Agricultural irrigation is no joke. You need plenty of tools to be successful, and one incredibly helpful device is a check valve. Check valves ensure that water flows in one direction and keep contaminants out. Since they perform such an essential function, you must know what to look for when shopping for one. These are 10 things you need to know about your check valve before you buy one. It’s crucial to make an informed decision for your farm’s success.

There Are Different Types

A ball check valve opens and closes based on the placement of a ball. As the water rises, the ball sinks down, indicating that the valve is open. When the flow reaches its ideal cracking pressure (we’ll define that later), the ball will skyrocket upward, causing it to close. On the other hand, a swing check valve relies on a disc that moves on and off the seat, indicating when it’s opened and closed. Gravity plays a significant role here. It’s vital to keep this in mind during installation to ensure there’s enough room for the swing to occur.

Why the Flow Rate Is So Important

The flow rate shows how many gallons go through a check valve per minute. The ideal number is 8 feet per second. If you have a flow rate higher than 8, the check valve will likely erode and experience wear and tear. It won’t matter if there are metal or rubber seals; high flow rates will decrease the life of your check valve.

Inlet Pressure? What’s That?

Knowing a check valve’s inlet pressure will help you determine what kind you need. An inline check valve is typically in the middle of the pipe, whereas a slip-on check valve is at the end.

By understanding the inlet pressure number, you can determine what you need.

Why You Need To Know About Cracking Pressure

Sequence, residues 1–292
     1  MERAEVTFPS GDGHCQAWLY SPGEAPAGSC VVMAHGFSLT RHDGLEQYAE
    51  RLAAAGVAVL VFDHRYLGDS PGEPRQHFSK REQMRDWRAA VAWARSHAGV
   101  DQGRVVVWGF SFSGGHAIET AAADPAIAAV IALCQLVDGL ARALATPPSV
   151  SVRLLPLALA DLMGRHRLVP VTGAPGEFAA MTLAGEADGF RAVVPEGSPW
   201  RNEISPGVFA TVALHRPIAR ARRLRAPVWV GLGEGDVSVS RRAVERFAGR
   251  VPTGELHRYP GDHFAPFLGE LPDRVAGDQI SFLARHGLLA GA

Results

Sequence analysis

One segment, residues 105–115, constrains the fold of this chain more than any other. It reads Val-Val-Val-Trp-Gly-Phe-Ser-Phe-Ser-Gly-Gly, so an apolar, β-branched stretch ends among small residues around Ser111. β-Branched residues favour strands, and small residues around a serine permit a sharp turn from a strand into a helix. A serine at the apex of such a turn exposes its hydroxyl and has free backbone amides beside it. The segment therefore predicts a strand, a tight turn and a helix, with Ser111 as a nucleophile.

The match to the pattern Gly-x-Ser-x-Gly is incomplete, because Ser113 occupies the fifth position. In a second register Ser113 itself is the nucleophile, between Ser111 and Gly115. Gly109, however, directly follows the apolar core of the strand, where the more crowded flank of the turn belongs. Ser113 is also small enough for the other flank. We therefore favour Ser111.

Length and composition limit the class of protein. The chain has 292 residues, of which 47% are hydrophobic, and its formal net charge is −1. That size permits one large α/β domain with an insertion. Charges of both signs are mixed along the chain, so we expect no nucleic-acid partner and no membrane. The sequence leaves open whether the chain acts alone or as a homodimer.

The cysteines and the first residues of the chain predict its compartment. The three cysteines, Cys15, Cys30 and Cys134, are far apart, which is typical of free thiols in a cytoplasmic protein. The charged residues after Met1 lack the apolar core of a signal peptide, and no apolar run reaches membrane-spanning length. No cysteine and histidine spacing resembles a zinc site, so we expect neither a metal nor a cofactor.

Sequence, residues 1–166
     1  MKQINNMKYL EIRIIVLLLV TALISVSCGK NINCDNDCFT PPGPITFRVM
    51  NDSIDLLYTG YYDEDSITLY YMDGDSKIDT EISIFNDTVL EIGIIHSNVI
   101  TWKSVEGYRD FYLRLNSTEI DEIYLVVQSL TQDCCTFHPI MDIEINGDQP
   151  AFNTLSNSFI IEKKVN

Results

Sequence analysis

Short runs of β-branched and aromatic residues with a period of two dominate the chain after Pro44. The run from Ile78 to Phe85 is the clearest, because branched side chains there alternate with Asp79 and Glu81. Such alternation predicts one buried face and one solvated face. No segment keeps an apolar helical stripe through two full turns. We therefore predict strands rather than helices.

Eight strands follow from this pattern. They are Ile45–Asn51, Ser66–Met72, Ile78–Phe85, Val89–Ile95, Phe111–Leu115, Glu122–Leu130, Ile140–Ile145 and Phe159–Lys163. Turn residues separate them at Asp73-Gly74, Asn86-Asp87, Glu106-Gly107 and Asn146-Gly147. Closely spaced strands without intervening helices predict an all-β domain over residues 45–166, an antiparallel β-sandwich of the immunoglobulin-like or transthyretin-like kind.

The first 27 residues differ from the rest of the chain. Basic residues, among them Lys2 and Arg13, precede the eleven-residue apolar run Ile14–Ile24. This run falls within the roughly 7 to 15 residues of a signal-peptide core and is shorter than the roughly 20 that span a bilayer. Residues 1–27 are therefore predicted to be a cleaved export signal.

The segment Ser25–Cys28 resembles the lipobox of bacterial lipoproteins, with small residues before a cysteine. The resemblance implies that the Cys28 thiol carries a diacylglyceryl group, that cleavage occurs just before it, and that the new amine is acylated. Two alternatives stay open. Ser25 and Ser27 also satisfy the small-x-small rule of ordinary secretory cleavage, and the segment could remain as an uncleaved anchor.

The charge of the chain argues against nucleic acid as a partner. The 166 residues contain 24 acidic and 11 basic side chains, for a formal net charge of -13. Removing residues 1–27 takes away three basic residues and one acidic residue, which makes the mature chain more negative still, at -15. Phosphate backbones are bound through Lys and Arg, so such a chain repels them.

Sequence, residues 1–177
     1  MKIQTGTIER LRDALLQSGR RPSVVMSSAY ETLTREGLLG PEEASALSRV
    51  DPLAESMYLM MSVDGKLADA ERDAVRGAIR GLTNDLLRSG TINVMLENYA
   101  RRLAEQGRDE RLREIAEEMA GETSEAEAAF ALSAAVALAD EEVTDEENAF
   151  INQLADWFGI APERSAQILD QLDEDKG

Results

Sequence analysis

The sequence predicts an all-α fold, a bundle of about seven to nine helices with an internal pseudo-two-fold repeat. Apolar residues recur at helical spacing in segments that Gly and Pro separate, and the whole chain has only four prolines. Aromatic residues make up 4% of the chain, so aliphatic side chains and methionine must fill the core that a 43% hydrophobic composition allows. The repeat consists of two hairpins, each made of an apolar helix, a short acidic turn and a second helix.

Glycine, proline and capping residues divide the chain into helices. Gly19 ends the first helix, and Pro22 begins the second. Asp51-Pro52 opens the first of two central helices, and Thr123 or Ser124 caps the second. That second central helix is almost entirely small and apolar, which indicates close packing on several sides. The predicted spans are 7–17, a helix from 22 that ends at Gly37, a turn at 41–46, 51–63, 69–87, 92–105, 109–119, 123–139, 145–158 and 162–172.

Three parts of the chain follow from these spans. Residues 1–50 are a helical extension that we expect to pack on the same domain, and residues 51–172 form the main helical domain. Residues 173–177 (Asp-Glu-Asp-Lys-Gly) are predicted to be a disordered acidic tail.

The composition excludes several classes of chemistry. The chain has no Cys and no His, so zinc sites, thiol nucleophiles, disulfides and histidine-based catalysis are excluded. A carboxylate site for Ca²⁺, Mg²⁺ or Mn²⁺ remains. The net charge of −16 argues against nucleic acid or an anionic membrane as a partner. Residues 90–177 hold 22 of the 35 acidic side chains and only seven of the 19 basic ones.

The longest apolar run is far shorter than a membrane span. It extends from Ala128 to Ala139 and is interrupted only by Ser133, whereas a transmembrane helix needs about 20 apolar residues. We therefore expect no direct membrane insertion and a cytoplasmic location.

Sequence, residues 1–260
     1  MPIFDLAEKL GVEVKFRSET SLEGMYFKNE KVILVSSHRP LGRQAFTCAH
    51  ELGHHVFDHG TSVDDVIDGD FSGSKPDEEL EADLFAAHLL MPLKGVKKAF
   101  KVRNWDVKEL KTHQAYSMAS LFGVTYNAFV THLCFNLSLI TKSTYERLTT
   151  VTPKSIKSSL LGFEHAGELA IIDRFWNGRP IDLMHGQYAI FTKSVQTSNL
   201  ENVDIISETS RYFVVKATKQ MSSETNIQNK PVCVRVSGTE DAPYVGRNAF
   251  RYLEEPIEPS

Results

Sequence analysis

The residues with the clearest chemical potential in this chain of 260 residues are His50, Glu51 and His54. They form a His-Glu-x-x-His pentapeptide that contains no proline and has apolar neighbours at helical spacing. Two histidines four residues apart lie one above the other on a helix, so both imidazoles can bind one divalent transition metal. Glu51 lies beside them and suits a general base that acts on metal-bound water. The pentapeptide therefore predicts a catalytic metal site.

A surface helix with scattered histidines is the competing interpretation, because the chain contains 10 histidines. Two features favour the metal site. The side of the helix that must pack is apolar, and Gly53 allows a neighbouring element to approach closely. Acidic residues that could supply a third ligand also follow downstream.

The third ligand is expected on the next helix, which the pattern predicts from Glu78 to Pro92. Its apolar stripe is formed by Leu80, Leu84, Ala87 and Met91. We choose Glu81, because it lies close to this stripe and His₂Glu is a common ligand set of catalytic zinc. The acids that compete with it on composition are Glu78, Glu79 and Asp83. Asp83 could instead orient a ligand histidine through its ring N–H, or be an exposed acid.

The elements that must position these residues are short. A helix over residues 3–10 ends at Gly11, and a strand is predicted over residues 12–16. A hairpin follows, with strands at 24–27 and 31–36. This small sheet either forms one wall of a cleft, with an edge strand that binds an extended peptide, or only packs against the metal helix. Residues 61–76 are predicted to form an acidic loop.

Cracking pressure is the minimum pressure needed for a valve to open. You can set check valves to any cracking pressure. Of course, check valves need to reach this number to allow water to flow through it. The valve will close if the upstream pressure ever falls below the cracking pressure. How the valve closes depends on the type of check valve you use.

Industries That Use Check Valves

It’s mindboggling that many people don’t know what a check valve is because many industries use it. Rural Water Direct sells one-way water check valves for agricultural irrigation purposes. However, there are plenty of other fields that take advantage of the device. Water treatment facilities use check valves to keep drinking water clean and free of contaminants. Moreover, the oil and gas industry uses check valves to gain additional oversight over their operations.

Knowing the Materials Is a Must

Understanding the material is another one of the 10 things you need to know about your check valve. For example, if the piping system will have hazardous liquid running through it, you may need a different type of check valve. Basically, it all comes down to application. What are you using the check valve for? Once you answer this question, you can determine what material you need.

How Fast Will It Close?